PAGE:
Ever since the early years of the Cold War, perhaps in no small measure due to the proximity of the military market and the industrial complexes that supplied it with materiel, the thinking and practices of the higher echelons of the officer corps in the U.S. military has come over time to resemble more and more that of the executive levels of corporate structures, with perhaps a corollary effect - the power CEOs wield within the working lives of Americans has an almost military-style reach, in a regime of top-down leadership, conformity, and demand for unquestioning loyalty.

Within such a nexus, it is easy to see how those with the reigns of power in their hands can make themselves believe that everything that happens is from their doing, with their risk as the capital, rather than from those who have the bits in their mouths. So in war...it's not much of a leap of logic.

On a subject only I (and Dr. S) seem to be interested in, does anyone here know any Truthers in real life?

I actually know a couple of Truthers. (Maybe I should re-think my circle of friends? But they are people who I have known for decades. And on most other subjects, they are quite rational.) Both in their 50s, one female. And, sapient, they are not just people who think that the investigation was insufficiently exhaustive; they think it was a total cover-up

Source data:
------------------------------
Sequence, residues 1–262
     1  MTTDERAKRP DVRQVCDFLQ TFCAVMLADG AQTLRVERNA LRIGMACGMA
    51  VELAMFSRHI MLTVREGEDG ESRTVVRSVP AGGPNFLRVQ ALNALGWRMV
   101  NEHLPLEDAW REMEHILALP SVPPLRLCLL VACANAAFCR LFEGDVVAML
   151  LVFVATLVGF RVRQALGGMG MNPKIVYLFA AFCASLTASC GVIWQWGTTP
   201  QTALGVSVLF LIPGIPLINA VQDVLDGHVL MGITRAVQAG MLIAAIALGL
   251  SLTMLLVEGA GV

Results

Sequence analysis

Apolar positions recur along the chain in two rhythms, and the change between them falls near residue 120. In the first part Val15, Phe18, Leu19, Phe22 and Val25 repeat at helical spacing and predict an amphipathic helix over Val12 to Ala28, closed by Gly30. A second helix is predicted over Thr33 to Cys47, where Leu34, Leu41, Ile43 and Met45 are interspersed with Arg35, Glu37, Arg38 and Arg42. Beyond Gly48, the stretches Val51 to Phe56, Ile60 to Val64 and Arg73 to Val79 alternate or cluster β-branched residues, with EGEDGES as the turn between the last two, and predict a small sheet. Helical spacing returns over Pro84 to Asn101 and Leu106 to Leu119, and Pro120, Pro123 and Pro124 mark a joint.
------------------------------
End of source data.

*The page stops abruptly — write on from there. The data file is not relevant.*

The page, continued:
Neither claims expertise in structural engineering (although both claim to have read expert analyses of the collapse of the towers). Neither knows the other -- and I aim to keep it that way, if only for my own sanity!

But they have two things in common:
- both are avid conspiracy theorists. Anything bad that happens (but, somehow, never anything good) is the result of a conspiracy by a small group with a malign agenda of some kind. What the basis for that agenda might be, what they hope to gain, is usually ignored. If asked point blank, the motivation is usually extremely vague. And, as far as I can tell, usually requires that the conspirators be evil for the sake of being evil.

- both are convinced that the government, at all levels, is
a) captive of special interests of various kinds. Mostly evil, although a few merely self-interested to the exclusion of concern about anybody else.
b) amazingly capable when it comes to executing whatever conspiracy they are talking about. Notwithstanding its generally high level of incompetence (also, in other contexts, complained about vigorously) in any interactions with them personally.

In short, the Truthers (generally on the left) are just like the Birthers (on the right):